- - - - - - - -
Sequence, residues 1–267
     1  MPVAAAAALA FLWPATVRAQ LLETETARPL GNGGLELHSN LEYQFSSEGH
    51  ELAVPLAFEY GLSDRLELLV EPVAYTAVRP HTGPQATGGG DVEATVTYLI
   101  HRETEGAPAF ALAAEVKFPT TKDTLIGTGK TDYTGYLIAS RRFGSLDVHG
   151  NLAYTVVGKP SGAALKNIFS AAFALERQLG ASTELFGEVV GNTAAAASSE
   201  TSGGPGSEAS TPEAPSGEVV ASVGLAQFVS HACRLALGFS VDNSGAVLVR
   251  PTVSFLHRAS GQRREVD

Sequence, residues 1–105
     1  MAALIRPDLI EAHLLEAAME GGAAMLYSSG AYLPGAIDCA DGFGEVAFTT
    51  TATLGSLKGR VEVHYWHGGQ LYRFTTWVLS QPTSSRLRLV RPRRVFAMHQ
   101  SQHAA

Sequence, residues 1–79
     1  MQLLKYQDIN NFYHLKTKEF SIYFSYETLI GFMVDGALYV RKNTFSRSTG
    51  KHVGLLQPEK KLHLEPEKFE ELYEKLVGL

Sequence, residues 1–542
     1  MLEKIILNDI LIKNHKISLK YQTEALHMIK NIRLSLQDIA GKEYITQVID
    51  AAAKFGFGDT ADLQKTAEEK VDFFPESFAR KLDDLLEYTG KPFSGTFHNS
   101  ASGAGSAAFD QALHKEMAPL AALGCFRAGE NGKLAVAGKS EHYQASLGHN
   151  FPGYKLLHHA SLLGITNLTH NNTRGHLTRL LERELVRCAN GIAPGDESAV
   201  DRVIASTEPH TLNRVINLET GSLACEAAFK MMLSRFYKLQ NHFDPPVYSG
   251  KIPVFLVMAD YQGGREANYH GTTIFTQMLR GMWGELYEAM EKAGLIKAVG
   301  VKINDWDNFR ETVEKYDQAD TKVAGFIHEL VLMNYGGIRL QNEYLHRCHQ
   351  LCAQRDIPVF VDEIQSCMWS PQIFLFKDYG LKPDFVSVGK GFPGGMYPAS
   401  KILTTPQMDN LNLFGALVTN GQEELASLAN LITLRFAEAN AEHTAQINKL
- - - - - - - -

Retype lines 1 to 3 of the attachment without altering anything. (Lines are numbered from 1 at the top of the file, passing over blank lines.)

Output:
Sequence, residues 1–267
     1  MPVAAAAALA FLWPATVRAQ LLETETARPL GNGGLELHSN LEYQFSSEGH
    51  ELAVPLAFEY GLSDRLELLV EPVAYTAVRP HTGPQATGGG DVEATVTYLI